The Best Techniques to Improve Your Photographic Composition

Nov 25, 2023

The Best Techniques to Improve Your Photographic Composition For Amateur Photographers

Today I'm going to share with you the way that I started to bridge the "frustration gap" in my photography. That gap is the disconnect we often feel between the idea we have in our mind for a photograph, and the result we end up with.

Like building a house, creating a great photograph comes from a solid foundation.

The foundation is knowing what to shoot in the first place.

Unfortunately, this is where it all starts to go wrong.

Because We See The World As Passive Observers

Walking around a city, I let a lot of visual information simply wash over me.
My mind is filtering out a lot of what it considers to be 'noise'.
It's looking for things I need to be aware of.

The traffic in the street.
The shady character.
The dog 💩

So this means:

  • My mind isn't in 'photographer' mode
  • Interesting subjects for photos are missed
  • When I do switch over to photographer mode, I'm instantly overwhelmed by the flood of new visual stimulus

This is where the frustration gap gets its start

Today we're featuring the wonderful photography of Rachael Talibart

Imagine you're on a surfboard out on a calm ocean. The waves start to pick up - this is you switching from being a passive observer to an active photographer. Think of the waves as ideas for photos.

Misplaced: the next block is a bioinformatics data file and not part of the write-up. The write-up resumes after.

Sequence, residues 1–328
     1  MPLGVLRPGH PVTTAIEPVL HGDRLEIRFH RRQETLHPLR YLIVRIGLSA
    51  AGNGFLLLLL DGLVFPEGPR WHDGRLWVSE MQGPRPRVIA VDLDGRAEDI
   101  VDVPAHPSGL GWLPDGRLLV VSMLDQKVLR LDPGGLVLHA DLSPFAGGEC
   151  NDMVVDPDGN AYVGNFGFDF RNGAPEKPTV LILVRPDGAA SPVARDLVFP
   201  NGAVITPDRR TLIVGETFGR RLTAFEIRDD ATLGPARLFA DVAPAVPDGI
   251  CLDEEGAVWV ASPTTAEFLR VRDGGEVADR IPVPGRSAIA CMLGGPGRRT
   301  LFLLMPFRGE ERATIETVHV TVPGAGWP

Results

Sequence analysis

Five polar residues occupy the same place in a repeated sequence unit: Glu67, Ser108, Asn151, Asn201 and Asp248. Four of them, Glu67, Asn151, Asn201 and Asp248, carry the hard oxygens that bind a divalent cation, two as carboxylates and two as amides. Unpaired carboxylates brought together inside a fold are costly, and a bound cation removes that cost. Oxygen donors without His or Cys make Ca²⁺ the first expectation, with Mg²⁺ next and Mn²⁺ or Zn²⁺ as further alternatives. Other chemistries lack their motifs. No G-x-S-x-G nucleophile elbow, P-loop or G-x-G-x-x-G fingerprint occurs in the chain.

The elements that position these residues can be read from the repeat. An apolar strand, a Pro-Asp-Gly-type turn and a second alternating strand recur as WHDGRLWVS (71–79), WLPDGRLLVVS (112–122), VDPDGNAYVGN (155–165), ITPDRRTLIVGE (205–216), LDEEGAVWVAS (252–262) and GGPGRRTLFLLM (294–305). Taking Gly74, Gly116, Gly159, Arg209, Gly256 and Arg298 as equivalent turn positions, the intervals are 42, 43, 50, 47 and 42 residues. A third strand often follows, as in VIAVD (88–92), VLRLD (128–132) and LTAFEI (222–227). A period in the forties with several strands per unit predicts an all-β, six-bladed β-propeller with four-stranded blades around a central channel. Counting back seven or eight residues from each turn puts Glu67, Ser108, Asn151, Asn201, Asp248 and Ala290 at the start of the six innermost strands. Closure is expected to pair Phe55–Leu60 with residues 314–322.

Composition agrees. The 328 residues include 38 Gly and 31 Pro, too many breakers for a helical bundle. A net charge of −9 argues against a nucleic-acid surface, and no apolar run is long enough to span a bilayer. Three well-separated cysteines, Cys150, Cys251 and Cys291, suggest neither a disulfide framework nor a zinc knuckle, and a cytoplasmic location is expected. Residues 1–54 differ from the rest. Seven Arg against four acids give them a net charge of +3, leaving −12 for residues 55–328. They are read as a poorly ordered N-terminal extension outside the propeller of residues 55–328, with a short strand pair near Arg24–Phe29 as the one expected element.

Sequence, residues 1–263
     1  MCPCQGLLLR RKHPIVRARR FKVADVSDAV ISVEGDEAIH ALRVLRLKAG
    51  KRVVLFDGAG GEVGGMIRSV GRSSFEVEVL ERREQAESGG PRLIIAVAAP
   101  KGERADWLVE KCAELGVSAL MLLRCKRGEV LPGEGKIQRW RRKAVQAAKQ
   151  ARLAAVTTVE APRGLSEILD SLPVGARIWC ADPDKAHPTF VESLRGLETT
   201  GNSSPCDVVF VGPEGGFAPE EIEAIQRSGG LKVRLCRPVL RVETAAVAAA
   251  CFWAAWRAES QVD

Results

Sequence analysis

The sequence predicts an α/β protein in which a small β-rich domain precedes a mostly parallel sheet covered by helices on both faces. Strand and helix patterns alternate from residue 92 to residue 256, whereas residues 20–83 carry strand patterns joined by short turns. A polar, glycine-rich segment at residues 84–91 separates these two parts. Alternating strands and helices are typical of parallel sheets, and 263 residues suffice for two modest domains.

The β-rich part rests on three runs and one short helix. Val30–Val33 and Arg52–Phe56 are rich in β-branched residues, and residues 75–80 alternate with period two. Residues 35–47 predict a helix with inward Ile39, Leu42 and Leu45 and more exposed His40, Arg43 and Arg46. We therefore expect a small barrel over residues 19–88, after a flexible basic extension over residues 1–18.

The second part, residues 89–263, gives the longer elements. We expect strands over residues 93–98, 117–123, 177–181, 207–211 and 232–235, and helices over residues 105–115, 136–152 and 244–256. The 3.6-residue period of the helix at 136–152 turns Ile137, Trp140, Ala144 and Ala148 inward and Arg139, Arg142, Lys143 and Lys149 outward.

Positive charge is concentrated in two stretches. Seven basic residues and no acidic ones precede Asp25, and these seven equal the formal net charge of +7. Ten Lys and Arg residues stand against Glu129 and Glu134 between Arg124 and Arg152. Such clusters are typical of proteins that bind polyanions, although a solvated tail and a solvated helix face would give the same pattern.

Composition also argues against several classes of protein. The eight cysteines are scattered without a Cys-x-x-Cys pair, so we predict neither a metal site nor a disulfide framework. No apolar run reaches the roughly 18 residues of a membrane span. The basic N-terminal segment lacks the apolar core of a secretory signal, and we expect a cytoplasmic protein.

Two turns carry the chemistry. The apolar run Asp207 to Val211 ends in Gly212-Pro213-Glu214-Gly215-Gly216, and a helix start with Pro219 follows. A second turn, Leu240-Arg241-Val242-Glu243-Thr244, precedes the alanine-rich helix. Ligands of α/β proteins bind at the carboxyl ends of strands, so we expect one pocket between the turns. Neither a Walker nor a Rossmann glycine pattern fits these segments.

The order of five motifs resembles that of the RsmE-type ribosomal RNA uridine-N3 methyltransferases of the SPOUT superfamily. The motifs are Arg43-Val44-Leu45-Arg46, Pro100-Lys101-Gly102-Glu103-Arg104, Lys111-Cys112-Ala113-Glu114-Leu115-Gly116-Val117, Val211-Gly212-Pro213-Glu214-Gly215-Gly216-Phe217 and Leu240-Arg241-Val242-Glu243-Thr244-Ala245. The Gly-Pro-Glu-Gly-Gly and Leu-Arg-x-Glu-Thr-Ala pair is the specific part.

Your goal is to ride one of these waves to the beach of photographic goodness. But if you choose the wrong wave, there are some rocks waiting for you to crash into.

To help you pick out the right wave on which you can pull some gnarly moves (you can tell I have no idea about surfing terminology!). Riding it all the way to a great photo, I'm going to share with you one simple idea.

Here's how step by step:

Step 1: Be specific about what you want to photograph

Ansel Adams said: There's nothing worse than a sharp idea of a fuzzy concept.

I like to photograph angles, signs, and buildings.
So that's what I'm looking for when I'm walking around a city.
I have a clear objective and don't really pay any attention (photographically speaking) to people going about their daily business for example.

Over time you might get better at seeing various ideas, but for now, to bridge that gap - limit the number of waves you want to try and choose from.

Step 2: Don't be clever and overthink the image

The whole point of taking pictures is so that you don't have to explain things with words - Elliott Erwitt

I used to try and make my photos oh so clever, deep, and full of tricky little quirks. Missing the point completely that none of this means anything if your base photograph is a hot mess.

I had picked a wave but kept trying to get it to join with another wave.
So when I showed people my photo, I had to point out why I took it.

I'm sure you've met someone like this.

The idea, the subject that has caught your attention. Make it the primary focus of your photo so it's completely, and utterly, unmistakeable what this photo is about.

Step 3: If in doubt, SQUINT

In this rough sea of infinite waves, it can feel overwhelming to try and find the one. But there is a secret weapon you can employ.

Look around you and squint (or in my case, take your glasses off!). Defocus your lens.
Blur it all.

What emerges from the world when you do this are simple shapes, forms, colours, and ideas.

Combine this step with the ones before it, and you find the right wave, which you can ride with skill all the way over those hidden rocks of the frustration gap and create great photos.

  • Photos that grab someone's attention.
  • Have a focus and idea.
  • That you love.

Photography doesn't have to be hard and frustrating. Doing little things like this will go a massive way to helping you match up the idea you have in your mind with the photo that you end up with.


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